HARARE – At least 172 people have been treated, 68 for gunshot wounds, after they sustained injuries during protests over a fuel price hike and worsening economic conditions in Zimbabwe, a humanitarian NGO confirmed on Thursday.
The Zimbabwe Association of Doctors for Human Rights said 17 people had undergone surgeries after suffering critical wounds.
“The remainder of the cases ranged from assaults with sharp objects, booted feet, baton sticks, sjamboks and tarmac abrasions,” ZADHR said in a statement.
Mass protests broke out Monday after the Zimbabwe Congress of Trade Unions called for a three-day strike, in response to President Emmerson Mnangagwa’s decision to double fuel prices.
Following the three-day strike Thursday, Zimbabweans flocked to shops to buy supplies in case the conflict worsened.
“We have been very busy since we opened,” said a butcher in Mount Pleasant, a residential suburb in the capital, Harare.
Tuesday, Mnangagwa imposed a country-wide 30-hour internet blackout in an attempt to weaken participation in the strike organized by social media activists.
The blackout prevented human rights groups from warning of the police actions carried out in neighborhoods of Harare and so the details of the number of deaths and injuries had not circulated.
“As a result of the crackdown at least eight people have reportedly been killed by the security forces and 200 arbitrarily detained,” Amnesty International said Tuesday.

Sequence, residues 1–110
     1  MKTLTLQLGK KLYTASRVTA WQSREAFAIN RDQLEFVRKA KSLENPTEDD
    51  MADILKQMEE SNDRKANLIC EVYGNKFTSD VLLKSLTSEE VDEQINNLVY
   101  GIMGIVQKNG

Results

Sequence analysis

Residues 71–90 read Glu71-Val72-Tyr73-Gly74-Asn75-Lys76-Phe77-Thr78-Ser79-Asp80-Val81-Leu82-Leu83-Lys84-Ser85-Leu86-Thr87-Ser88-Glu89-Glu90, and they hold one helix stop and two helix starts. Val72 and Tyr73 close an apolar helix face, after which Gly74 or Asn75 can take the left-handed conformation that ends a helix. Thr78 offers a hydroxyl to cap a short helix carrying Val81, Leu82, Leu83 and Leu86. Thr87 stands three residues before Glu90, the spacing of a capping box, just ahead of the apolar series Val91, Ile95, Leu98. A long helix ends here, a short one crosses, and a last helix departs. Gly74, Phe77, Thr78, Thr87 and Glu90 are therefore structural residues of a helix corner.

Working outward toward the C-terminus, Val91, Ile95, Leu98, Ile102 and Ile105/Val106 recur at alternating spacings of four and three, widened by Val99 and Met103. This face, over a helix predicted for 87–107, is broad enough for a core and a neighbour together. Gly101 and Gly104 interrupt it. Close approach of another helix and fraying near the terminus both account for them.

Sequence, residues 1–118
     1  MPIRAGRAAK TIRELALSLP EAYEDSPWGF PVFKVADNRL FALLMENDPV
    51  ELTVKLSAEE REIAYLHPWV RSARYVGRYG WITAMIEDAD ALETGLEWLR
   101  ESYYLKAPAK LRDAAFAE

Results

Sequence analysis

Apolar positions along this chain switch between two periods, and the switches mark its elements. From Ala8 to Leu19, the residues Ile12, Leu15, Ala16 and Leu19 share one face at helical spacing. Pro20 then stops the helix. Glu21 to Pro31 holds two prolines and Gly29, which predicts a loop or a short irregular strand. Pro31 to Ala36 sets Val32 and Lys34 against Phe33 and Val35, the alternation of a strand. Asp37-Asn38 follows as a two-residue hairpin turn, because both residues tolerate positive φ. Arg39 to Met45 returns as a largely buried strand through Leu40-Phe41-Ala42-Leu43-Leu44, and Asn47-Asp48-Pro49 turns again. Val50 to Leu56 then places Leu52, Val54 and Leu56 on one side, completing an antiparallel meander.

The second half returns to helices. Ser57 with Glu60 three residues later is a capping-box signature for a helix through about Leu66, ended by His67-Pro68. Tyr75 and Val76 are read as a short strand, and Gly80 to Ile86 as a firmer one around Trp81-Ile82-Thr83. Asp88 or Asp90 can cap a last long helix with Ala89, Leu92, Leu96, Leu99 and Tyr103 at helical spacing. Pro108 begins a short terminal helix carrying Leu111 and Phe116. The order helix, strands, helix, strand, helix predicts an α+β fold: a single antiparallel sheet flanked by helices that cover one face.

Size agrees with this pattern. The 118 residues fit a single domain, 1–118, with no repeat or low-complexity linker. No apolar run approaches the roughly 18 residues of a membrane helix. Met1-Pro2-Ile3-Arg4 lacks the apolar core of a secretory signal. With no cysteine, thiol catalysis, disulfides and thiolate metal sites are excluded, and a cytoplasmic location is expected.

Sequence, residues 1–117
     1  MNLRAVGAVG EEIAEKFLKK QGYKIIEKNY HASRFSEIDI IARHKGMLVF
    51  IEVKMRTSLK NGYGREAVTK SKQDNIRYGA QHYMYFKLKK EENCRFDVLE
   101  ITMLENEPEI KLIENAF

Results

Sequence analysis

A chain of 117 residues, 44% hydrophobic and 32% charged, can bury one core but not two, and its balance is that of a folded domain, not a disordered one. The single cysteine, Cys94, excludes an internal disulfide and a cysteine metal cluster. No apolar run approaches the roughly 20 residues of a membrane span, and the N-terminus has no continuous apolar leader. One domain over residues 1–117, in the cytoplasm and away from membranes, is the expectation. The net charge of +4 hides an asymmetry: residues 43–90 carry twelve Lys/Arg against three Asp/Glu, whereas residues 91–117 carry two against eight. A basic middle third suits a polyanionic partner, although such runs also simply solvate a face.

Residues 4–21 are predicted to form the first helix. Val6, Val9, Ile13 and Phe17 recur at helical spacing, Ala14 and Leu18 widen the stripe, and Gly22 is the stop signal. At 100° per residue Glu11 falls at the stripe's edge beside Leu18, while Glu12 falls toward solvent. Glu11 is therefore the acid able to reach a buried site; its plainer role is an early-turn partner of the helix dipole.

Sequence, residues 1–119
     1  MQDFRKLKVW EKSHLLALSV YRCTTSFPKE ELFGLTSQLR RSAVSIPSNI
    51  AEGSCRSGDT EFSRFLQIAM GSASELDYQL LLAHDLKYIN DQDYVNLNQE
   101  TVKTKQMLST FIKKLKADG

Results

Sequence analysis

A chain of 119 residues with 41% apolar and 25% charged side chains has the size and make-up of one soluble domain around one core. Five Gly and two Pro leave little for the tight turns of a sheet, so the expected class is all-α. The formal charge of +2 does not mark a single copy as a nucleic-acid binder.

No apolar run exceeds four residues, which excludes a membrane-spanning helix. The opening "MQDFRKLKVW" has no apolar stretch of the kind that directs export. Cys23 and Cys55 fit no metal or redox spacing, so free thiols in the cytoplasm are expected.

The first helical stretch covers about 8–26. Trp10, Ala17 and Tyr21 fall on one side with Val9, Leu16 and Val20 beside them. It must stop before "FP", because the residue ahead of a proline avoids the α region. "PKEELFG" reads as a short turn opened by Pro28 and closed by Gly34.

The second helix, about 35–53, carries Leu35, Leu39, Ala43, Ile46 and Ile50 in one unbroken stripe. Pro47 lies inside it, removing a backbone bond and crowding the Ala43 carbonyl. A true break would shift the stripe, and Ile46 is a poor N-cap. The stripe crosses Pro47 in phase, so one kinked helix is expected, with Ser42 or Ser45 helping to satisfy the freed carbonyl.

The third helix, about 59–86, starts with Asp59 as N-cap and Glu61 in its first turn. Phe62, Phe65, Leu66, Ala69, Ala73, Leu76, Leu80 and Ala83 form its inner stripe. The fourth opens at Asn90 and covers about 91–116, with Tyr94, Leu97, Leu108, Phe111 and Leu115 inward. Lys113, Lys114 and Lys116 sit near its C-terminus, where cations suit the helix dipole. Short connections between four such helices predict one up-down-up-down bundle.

According to local press, 600 people have been arrested, 214 of whom have already appeared in court.
Mnangagwa – who is currently out of the country on a foreign trip and is scheduled to attend the World Economic Forum in Davos, Switzerland – called for calm on Twitter.
“I call for calm and peace from all of our brothers and sisters. We are one nation, with one mission, and we will realize it together,” the president said Wednesday.
Mnangagwa’s government increased the price of gasoline Saturday to $3.31 for a liter from $1.38 and hiked diesel from $1.45 to $3.11, which could be paid in promissory notes issued by the authorities due to the shortage of United States dollars, which are commonly-used in the country.
Some economists argue that the price hikes make sense, although the increase may cause other commodities’ expenses to spike. Meanwhile, the country’s main trade unions contend that the government’s price hikes are a harsh blow for workers and the average Zimbabwean.